Never pass up a chance to sit down or relieve yourself. -old Apache saying

Wednesday, March 1, 2017

March stargazing

I've already seen more stars in one month on South Padre Island than I saw over 30 years in and around Houston. Keep looking up, despite the political bullshit!

Mountain Climbing
The Mars Curiosity rover snapped this picture on Februay 10 as it continued its ascent of the flanks of Mount Sharp, the central peak of Gusev Crater. It is looking downslope, toward the crater's floor. The rover's observations have shown that this region of Mars was much warmer and wetter in the distant past. [NASA/JPL/MSSS]

Stargazing Summary
Leo takes its rightful place as the lord of the skies on March nights. The lion is in good view in the east as darkness falls, and springs high across the sky during the night. The bright planet Jupiter trails far behind it, near Spica, the brightest star of Virgo. And the even brighter planet Venus changes addresses during the month. It is the brilliant Evening Star as the month begins, but switches to the morning sky by month's end.

More stargazing information

Radio Program Highlights
If you want to start hearing the StarDate program in your area, you can request a station to carry our program by emailing the request to

March 1-5: Spiders and spots. Giant spiders lurk on our closest neighboring planet, and we'll have details. We'll also talk about dark spots on the surface of a neighboring star. Join us for spiders, starspots, and much more.

March 6-12: Making elements. The stars are giant chemical factories. Their nuclear reactors "fuse" together lighter elements to make heavier ones. In fact, they create all but a few of the chemical elements. Join us for the chemistry of the stars and more.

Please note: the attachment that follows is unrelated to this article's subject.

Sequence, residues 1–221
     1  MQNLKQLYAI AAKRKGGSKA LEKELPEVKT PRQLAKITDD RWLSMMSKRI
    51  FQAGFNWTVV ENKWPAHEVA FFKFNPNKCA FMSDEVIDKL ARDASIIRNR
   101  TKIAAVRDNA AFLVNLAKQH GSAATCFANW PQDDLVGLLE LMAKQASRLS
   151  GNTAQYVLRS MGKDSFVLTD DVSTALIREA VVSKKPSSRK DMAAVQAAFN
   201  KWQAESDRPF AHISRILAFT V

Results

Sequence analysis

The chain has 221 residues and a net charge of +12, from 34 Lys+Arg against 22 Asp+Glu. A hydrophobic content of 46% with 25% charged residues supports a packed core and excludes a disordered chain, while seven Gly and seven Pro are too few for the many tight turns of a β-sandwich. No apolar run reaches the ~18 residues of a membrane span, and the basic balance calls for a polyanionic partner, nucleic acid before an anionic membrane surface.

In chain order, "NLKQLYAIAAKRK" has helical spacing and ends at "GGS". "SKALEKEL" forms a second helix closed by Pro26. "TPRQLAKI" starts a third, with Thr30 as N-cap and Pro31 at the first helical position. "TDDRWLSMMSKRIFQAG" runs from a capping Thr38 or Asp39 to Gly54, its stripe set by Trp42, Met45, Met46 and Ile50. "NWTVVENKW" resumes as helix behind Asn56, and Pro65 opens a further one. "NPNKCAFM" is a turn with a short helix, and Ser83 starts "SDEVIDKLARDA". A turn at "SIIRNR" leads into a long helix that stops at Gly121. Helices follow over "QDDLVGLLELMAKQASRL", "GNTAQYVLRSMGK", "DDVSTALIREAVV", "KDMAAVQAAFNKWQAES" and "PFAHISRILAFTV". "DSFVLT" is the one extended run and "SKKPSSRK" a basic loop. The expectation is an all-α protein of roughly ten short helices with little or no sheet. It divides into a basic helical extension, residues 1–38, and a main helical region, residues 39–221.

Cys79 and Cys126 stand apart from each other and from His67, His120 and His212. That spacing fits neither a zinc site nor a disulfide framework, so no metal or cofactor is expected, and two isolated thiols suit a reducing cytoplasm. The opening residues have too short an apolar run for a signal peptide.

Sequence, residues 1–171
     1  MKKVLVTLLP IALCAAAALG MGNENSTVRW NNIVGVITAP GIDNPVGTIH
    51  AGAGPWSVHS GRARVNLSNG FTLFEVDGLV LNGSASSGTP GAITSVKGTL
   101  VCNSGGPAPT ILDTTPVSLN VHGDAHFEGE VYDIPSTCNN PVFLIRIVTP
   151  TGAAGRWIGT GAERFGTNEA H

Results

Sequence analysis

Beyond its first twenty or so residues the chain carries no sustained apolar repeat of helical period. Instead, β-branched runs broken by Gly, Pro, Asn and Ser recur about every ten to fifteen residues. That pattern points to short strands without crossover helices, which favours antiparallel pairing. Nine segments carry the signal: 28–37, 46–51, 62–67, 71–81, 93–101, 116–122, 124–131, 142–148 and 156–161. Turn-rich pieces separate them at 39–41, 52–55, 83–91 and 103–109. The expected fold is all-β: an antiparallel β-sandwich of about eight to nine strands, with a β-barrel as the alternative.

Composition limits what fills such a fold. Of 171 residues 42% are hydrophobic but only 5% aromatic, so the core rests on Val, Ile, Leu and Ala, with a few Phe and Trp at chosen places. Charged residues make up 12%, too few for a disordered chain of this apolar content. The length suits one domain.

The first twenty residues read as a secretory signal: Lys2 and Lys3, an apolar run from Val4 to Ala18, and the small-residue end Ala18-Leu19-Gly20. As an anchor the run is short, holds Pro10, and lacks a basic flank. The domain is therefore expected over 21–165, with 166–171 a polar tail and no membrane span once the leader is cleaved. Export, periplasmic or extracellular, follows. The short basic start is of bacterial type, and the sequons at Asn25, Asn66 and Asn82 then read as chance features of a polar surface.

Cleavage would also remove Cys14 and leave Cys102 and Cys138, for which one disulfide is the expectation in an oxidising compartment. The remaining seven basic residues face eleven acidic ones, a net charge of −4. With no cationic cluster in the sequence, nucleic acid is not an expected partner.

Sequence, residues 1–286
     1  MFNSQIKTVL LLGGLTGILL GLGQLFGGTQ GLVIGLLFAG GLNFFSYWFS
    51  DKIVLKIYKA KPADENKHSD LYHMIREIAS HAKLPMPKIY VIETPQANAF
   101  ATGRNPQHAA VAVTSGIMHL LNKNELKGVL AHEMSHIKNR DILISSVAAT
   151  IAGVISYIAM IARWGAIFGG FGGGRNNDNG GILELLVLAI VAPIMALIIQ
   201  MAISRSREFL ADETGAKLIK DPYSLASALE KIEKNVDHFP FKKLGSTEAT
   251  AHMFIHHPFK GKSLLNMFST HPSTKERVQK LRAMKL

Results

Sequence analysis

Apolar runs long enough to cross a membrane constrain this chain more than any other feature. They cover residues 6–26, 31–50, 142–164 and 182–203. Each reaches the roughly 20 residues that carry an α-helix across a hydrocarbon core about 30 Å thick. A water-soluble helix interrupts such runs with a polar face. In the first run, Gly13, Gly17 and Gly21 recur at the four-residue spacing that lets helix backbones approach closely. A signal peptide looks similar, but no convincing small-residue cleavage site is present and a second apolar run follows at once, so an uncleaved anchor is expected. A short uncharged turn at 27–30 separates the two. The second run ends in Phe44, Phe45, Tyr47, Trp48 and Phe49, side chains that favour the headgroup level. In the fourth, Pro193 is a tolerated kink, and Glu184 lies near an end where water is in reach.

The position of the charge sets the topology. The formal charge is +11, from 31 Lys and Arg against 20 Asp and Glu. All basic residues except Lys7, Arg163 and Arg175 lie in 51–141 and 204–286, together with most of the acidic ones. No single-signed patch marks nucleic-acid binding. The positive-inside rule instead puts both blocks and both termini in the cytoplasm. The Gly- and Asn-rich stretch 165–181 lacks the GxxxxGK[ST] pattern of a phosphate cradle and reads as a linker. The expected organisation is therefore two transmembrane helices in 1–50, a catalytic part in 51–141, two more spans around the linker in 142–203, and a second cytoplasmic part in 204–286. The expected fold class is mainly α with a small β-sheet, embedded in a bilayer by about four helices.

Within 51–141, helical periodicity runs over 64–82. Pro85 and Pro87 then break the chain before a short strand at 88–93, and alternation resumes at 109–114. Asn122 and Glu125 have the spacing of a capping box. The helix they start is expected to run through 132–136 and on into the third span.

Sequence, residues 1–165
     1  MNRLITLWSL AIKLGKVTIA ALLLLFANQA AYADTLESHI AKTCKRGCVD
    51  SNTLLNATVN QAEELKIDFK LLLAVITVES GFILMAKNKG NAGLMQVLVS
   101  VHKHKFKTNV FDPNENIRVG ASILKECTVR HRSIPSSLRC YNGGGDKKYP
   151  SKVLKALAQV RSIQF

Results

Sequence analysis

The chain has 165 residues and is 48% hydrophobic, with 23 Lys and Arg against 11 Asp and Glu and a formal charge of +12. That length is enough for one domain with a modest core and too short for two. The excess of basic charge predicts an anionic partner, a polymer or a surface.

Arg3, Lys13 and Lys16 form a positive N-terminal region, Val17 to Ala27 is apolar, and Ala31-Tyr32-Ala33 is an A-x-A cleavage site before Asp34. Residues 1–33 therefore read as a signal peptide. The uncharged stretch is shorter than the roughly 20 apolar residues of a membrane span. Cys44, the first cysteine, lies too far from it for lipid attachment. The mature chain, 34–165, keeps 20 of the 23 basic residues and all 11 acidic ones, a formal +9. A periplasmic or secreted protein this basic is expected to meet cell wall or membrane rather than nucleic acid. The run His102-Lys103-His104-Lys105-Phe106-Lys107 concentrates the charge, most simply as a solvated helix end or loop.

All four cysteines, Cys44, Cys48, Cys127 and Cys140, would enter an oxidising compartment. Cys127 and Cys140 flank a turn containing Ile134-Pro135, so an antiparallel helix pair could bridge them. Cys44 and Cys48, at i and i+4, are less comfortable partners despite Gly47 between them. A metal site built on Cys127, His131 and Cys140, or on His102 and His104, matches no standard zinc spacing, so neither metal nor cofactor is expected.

March 13-19: "Active" galaxies. The giant black holes at the hearts of galaxies can make spectacles of themselves. They can pull in surrounding stars and gas, creating hot disks that are some of the brightest objects in the universe. Join us for active galaxies and more.

March 20-26: New missions. NASA recently approved two new missions to explore asteroids, and it's also planning for the next generation of big space telescopes, and we'll have details. Join us for new missions, plus a moving day for a bright planet and more.

March 27-April 2: Moon meanderings. The Moon passes by some bright lights in the evening sky this week, including two planets and two orange stars. Join us for these beautiful encounters, plus the potential for life on a cold world and more.

Program schedule »

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This Month in StarDate Magazine
In our March/April issue, we'll explain how studying sand dunes can teach us about winds and geology on Mars and Titan. We'll also bring you up to date on a new X-ray telescope soon to be launched to the International Space Station.

Subscribe today

News from the Observatory
Probing How the Early Universe Lit Up
Astronomers at The University of Texas at Austin have developed a new technique to discover the faintest galaxies yet seen in the early universe —10 times fainter than any previously seen. These galaxies will help astronomers probe a little-understood, but important period in cosmic history. Their new technique helps probe the time a billion years after the Big Bang, when the early, dark universe was flooded with light from the first galaxies.

About SkyTips
SkyTips is a monthly email newsletter for visitors to McDonald Observatory and StarDate Online. Each issue features stargazing highlights, upcoming StarDate radio program descriptions, and other news. Please feel free to forward this newsletter to your friends and family.

SkyTips is a publication of the University of Texas McDonald Observatory Education and Outreach Office, 2515 Speedway C1402, Austin, TX 78712. Reproduction of SkyTips content is permitted with proper credit given to McDonald Observatory.

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